of airline companies and operating lessors have deferred some or all of their deliveries
For airlines and lessors facing lackluster passenger demand, manufacturing hold-ups could act as a blessing in disguise—particularly for those with wide-body aircraft on order. Passenger traffic on the long-haul routes that depend on this type of aircraft has been the hardest hit by COVID-19. Demand for narrow-body aircraft for domestic and regional operations has been less affected. Globally, 71 percent of airlines and lessors have pushed back some or all of their deliveries, with 15 percent saying they had to defer all of them. APAC-based airlines and lessors are the most likely to defer (80 percent) and those in North America the least (61 percent).
Looking ahead, pandemic-related restrictions are predicted to be one of the greatest threats to profitability by 63 percent of airlines and 71 percent of ECAs over the next 12 to 18 months. "Travel restrictions are a huge hindrance for the business," says the head of finance at a Malaysia-based airline. "Passenger numbers have dropped drastically, and this is the main point of concern."
Worries about the economy are also high on the agenda. These are the greatest concern by lessors and banks (both 57 percent), as they contemplate the threats of rising inflation and economic contraction. Against this background, some fear that new trade barriers may not be far away. "We can see the protectionist attitude of governments increasing," says the CFO of an EMEA-based lessor.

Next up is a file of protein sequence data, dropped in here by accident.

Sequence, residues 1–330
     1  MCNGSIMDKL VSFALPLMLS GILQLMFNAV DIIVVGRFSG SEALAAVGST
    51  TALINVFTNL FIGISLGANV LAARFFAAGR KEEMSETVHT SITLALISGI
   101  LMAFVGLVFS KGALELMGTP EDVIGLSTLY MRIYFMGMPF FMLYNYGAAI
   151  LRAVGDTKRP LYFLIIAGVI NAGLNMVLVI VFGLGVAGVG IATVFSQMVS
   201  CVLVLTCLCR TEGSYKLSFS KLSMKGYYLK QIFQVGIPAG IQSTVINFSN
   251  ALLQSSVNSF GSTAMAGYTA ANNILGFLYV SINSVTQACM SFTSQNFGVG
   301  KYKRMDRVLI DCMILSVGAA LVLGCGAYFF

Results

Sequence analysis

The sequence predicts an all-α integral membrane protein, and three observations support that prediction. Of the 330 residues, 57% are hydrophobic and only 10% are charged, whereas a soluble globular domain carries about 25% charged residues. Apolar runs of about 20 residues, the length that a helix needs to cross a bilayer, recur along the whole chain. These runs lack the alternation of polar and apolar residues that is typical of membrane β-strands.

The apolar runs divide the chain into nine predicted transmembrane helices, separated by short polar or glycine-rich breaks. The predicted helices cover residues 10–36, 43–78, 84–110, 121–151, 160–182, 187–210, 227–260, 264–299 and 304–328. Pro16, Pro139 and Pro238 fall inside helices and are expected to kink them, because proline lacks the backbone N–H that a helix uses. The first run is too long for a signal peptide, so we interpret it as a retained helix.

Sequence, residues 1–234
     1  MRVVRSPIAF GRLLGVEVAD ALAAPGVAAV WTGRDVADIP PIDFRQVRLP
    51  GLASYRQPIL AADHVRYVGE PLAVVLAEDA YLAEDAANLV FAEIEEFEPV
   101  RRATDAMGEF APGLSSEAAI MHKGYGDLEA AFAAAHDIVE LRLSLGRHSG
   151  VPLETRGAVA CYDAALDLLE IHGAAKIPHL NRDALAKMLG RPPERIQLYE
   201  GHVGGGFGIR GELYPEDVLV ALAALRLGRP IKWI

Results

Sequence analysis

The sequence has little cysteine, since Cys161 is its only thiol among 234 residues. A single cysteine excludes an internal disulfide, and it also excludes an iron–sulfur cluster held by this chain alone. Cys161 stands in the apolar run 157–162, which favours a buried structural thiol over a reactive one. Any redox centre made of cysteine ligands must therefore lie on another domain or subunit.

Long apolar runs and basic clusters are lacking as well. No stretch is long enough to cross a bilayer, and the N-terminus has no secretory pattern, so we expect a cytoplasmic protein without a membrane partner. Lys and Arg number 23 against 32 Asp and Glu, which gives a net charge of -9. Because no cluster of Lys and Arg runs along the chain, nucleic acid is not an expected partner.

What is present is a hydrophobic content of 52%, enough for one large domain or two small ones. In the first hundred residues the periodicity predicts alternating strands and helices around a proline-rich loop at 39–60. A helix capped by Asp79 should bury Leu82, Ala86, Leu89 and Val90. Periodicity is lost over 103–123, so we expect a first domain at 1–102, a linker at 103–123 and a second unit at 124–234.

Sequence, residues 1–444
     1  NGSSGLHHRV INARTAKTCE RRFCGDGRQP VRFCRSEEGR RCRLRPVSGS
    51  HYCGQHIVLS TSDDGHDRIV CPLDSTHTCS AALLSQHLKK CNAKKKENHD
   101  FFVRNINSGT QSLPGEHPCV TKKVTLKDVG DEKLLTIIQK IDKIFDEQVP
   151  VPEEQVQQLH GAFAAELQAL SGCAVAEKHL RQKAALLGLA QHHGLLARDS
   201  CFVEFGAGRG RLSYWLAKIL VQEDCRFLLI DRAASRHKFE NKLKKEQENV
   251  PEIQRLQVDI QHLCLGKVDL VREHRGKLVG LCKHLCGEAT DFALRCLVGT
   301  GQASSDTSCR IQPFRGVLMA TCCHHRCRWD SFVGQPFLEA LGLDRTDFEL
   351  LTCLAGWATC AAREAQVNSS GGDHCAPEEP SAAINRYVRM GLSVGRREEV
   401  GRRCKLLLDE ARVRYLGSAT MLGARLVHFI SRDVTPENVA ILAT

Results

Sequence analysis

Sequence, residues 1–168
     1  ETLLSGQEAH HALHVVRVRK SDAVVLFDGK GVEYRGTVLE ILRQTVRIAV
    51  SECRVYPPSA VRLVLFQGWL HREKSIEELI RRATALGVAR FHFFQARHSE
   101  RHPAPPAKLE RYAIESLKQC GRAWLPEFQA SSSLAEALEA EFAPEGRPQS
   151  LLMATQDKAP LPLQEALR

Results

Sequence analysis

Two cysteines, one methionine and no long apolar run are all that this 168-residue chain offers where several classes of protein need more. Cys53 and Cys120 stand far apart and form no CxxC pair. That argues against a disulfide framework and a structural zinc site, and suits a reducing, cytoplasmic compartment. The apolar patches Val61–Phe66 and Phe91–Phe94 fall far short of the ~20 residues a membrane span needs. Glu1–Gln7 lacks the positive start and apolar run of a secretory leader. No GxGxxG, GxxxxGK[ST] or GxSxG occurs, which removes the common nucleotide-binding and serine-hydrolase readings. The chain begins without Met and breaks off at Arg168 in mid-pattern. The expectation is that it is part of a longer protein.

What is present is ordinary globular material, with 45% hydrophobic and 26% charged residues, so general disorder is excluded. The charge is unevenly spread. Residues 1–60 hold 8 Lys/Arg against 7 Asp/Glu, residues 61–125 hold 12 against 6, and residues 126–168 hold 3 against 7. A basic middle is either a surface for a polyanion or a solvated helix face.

Political instability is widely cited. A managing director at a US-based private equity firm says: "Political instability is something that we cannot predict. Flights might have to be stopped to certain regions if the problem worsens." Meanwhile, European airlines are keeping a watchful eye on simmering tensions on Europe's eastern fringe: "Some issues are cropping up and creating war-like situations," warns the CFO of a Baltics-based airline. "In these conditions, investment decisions become tough."
The dramatic contraction of passenger numbers since the onset of the COVID-19 pandemic has raised questions about the number of aircraft currently in the market. Overall, only a minority (29 percent) of respondents think the number of aircraft currently in the market is too high.
Aircraft numbers cannot easily be flexed. In addition, the considerable longevity of airplanes—25.1 years for passenger planes and 32.5 years for freighters—means that it is necessary to take a long view. "We cannot adjust or reduce the number of aircraft when there are temporary disruptions—especially when we do not know how long these disruptions will last," says the head of finance at a UAE-based carrier.